SINGAPORE- Asia's cash discounts for jet fuel narrowed on Wednesday amid active buying interests for physical cargoes, while traders were hopeful the market would gather strength in the coming months as winter heating demand for kerosene picks up ahead of winter.
Cash discounts for jet fuel were at 1 cent per barrel to Singapore quotes, compared with a discount of 6 cents per barrel a day earlier.
Refining margins for jet fuel, which also determine the profitability of closely-related kerosene, jumped to $8.27 per barrel over Dubai crude during Asian trading hours, the strongest since March 2020. The cracks were at $7.91 per barrel on Tuesday.
"Kerosene demand for heating in Japan and South Korea typically increases by 0.25 million barrels per day (bpd) quarter-on-quarter in the fourth quarter, which should boost Asian demand when combined with the recovery in flight numbers from August lows," Energy Aspects said in a note.
Outside of China, however, "Asian air traffic will be slow to pick up, with international flying unlikely to start in earnest until well into 2022," the consultancy added.
The Oct/Nov time spread for the aviation fuel in Singapore, which flipped into a backwardation last week, traded at 7 cents per barrel on Wednesday.
- Middle-distillate inventories in the Fujairah Oil Industry Zone dropped 21.8% to a six-week low of 3.1 million barrels in the week ended Sept. 20, data via S&P Global Platts showed.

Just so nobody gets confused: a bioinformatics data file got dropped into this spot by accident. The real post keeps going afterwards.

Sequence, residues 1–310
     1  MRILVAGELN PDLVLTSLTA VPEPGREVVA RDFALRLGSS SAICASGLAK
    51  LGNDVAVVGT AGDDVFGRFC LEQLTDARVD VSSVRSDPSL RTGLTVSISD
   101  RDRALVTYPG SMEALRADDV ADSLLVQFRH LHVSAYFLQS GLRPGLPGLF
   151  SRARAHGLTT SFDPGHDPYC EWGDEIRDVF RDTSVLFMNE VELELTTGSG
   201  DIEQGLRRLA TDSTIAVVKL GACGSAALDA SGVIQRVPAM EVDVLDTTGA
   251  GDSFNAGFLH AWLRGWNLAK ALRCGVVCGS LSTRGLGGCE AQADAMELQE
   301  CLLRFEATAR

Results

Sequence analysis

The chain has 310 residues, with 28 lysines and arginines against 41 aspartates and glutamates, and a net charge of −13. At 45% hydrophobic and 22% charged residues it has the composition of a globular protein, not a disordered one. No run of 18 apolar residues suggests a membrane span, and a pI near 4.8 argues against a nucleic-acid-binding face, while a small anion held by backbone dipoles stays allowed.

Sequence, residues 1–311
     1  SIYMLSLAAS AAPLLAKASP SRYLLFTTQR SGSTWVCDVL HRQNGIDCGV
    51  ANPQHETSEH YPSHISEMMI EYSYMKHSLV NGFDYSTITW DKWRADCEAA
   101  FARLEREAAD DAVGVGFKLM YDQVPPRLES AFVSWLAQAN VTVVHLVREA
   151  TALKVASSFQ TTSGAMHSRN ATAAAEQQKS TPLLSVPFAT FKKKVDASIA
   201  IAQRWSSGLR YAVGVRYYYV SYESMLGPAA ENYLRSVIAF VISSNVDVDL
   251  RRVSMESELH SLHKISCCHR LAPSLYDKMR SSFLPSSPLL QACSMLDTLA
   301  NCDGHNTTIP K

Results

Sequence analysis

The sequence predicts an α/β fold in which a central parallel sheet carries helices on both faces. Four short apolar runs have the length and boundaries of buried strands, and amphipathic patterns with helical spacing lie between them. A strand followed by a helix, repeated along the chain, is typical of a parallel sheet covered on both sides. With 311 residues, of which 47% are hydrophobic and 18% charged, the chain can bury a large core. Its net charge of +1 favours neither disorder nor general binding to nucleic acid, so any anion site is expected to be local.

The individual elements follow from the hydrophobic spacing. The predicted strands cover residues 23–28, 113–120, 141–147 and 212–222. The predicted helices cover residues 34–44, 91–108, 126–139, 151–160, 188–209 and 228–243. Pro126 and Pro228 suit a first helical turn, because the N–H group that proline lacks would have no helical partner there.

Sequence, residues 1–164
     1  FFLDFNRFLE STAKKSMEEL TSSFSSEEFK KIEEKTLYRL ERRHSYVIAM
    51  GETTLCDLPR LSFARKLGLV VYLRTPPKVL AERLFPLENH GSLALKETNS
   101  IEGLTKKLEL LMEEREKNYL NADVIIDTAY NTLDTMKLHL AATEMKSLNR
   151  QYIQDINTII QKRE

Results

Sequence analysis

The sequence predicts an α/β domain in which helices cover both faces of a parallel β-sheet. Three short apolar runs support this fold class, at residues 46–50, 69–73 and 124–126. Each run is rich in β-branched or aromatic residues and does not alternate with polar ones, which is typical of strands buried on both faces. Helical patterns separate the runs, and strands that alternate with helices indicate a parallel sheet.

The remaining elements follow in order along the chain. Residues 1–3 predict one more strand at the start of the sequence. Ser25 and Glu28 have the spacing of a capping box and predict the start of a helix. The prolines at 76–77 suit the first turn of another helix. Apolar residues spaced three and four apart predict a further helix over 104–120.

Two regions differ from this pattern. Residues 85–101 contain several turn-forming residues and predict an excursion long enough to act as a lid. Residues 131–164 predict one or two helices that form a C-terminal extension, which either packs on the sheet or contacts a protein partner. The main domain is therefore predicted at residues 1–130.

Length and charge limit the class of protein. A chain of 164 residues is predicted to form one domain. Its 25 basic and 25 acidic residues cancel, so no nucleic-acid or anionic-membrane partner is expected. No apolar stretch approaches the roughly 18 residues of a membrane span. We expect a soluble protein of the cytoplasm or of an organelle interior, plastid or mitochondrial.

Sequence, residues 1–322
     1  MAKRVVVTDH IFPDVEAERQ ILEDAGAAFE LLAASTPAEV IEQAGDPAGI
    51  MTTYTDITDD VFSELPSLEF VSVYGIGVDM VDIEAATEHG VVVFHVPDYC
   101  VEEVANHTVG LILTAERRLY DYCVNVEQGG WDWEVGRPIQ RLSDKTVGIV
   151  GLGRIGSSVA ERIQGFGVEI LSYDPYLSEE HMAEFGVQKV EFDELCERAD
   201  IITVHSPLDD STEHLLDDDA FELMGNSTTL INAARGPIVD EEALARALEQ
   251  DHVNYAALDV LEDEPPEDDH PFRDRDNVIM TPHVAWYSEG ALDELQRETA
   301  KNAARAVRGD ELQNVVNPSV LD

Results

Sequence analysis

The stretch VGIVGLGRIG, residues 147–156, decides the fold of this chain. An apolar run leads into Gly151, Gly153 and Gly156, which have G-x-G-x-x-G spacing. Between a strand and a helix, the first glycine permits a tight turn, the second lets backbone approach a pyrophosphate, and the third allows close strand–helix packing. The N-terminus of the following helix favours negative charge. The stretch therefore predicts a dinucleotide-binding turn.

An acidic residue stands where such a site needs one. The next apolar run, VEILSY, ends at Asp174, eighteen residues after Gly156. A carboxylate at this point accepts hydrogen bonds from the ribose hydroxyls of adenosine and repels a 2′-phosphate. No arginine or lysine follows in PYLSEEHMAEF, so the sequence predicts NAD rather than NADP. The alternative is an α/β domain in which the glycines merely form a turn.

- The weekly stocks in Fujairah have averaged 3.8 million barrels this year, compared with 4.2 million barrels in 2020, Reuters calculations showed.
- U.S. distillate fuel inventories, which include diesel and heating oil, fell by 2.7 million barrels in the week to Sept. 17, according to market sources, citing American Petroleum Institute figures.
SINGAPORE CASH DEALS
- One jet fuel deal, no gasoil trades
- Oil prices climbed more than $1 on Wednesday, extending overnight gains after industry data showed U.S. crude stocks fell more than expected last week in the wake of two hurricanes, highlighting tight supply as demand improves. O/R
- The Philippines' Department of Energy said on Wednesday it has issued a circular to establish state-owned reserves of crude oil, finished petroleum products and biofuels, which can be tapped if there are supply disruptions in the global market.
(Reporting by Koustav Samanta; Editing by Amy Caren Daniel) ((firstname.lastname@example.org)( +65 6870 3503)(Reuters Messaging: email@example.com))